Hemophagocytic lymphohistiocytosis has a broad clinical phenotype overlapping with systemic inflammatory response syndrome (SIRS), sepsis, and multiorgan dysfunction syndrome. Patients are frequently diagnosed with HLH in intensive care units (ICUs), where they are treated for a life-threatening condition classified as “sepsis”. 1  Making the correct diagnosis is, as always, key to optimal treatment, but may be more challenging in the setting of HLH. Treating HLH in adults is not treating a disease solely as a specific entity, but is focused on treating a deranged immune response to various triggers/diseases. This includes classical life support measures in ICU, specific treatment of the trigger, and effective suppression of the cytokine storm and deleterious proliferation of cytotoxic CD8+ T cells and macrophages. Patients may suffer from severe coagulopathy and thrombocytopenia, and bleeding needs to be proactively addressed. Prophylactic antimicrobial treatment and infection control measures for highly immunocompromised patients are pivotal, as treatment usually aggravates the intrinsic disease-associated severe immune-dysfunction of such patients. Initiation of therapy prior to progression of the disease to the point of irreversible organ damage is a major prognostic factor.2  None of the diagnostic criteria for HLH is specific and many patients may express some of the diagnostic features in less than clear cut ways with gradual clinical deterioration leading to a decision to start HLH-treatment based more on strong clinical suspicion, rather than on unequivocal evidence. In many instances, HLH is diagnosed with an immediate need for treatment due to imminent respiratory, hepatic, renal, or hematopoietic failure, without a definitive diagnosis as to whether HLH has a hereditary background (degranulation assay and/or mutation analysis reports pending). Control of overt inflammation is of utmost importance. Classification of HLH as primary (hereditary) or secondary disease has no impact on induction treatment, but rather helps to stratify consolidation therapy. Thus, treatment delay due to outstanding laboratory studies should be avoided.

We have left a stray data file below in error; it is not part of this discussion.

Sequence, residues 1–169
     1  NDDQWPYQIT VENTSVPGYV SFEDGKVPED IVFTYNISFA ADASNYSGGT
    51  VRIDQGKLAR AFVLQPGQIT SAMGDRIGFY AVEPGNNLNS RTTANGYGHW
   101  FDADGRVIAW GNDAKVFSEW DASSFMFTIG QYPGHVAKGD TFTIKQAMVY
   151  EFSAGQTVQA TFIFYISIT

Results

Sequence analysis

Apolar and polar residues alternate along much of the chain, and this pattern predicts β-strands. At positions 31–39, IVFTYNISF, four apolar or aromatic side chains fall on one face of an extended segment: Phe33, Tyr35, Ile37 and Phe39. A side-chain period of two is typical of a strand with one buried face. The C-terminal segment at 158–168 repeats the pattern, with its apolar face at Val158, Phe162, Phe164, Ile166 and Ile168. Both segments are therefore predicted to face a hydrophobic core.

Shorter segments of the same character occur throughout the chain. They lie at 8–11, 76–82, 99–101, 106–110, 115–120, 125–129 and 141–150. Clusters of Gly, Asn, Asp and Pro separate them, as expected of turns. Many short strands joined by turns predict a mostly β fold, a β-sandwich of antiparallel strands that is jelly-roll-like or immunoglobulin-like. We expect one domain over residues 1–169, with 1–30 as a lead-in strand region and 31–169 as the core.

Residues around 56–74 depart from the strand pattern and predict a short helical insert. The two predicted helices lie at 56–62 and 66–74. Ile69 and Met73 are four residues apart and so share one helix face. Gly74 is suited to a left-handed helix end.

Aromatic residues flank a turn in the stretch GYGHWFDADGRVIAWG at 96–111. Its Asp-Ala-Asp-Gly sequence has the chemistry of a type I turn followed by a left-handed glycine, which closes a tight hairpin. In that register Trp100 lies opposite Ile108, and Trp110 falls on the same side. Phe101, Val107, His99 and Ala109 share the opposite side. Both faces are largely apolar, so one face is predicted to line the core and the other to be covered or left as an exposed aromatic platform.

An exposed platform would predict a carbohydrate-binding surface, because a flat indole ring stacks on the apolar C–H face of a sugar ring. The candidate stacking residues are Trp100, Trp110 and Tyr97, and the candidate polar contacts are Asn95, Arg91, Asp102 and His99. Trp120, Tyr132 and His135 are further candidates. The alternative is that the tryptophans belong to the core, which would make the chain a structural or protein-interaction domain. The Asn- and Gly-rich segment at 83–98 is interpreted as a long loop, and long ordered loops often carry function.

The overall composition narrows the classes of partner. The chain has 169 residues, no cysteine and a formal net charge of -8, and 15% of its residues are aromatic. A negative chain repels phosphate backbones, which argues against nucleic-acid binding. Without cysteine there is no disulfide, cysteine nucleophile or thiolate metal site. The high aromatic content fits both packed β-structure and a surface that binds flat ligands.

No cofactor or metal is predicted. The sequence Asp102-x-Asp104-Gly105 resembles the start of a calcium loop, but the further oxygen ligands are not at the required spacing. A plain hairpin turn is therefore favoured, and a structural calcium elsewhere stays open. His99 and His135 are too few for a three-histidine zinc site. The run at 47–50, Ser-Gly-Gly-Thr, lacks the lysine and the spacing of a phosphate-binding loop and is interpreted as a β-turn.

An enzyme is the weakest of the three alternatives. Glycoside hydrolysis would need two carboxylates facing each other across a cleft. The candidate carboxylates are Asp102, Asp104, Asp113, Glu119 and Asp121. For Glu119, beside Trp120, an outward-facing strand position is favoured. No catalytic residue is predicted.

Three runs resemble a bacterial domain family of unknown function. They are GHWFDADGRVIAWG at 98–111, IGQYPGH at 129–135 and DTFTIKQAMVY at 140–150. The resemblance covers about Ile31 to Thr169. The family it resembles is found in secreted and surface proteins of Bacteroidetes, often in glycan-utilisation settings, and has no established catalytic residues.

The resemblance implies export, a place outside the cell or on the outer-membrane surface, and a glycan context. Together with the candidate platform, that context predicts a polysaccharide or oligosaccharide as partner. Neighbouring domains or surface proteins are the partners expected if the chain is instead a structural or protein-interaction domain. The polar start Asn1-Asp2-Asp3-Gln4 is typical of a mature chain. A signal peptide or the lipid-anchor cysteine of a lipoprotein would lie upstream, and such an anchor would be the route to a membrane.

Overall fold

Nevertheless, one should attempt to correlate HLH to the most likely background condition or trigger in order to choose optimal initial and sequential treatment modalities and to protect the patient from harmful therapies. The largest literature survey on adult HLH from a global perspective found 41.1% of aHLH to be triggered by infections, and 38.8% by malignancies.3  Every effort must be made to detect triggering infections [Epstein Barr virus (EBV), cytomegalovirus (CMV), human immunodeficiency virus (HIV), influenza, bacteria, fungi, and protozoa] that are amenable to treatment.4  In particular Leishmania should not be overlooked, as specific treatment with liposomal amphotericin effectively reverts Leishmania-associated reactive HLH.5  A workup for neoplastic disorders, in particular lymphomas, is mandatory. Does the patient have a history of iatrogenic immunosuppression due to autoimmune disease or due to cancer treatment? Is the malignancy in remission? In a French retrospective multicenter study with 162 patients, about 50% had underlying immunosuppression.6  The heterogeneity of these conditions makes it clear that a “one size fits all” protocol does not make sense for aHLH. It must be emphasized that the pediatric protocols HLH-94 and HLH-2004 have been developed specifically for children, a large percentage of whom suffer from hereditary HLH, need prolonged treatment, and are frequently on track for allogeneic transplant.7  When searching HLH-treatment guidelines for adult patients, one is easily directed to pediatric treatment recommendations, which are not always designated as such; ie, www.uptodate.com/contents/treatment-and-prognosis-of-hemophagocytic-lymphohistiocytosis; accessed April 27, 2015). However, data from prospective trials for adults are not available. In particular, neither HLH-94 nor HLH-2004 have been examined for efficacy or toxicity data in adult patients.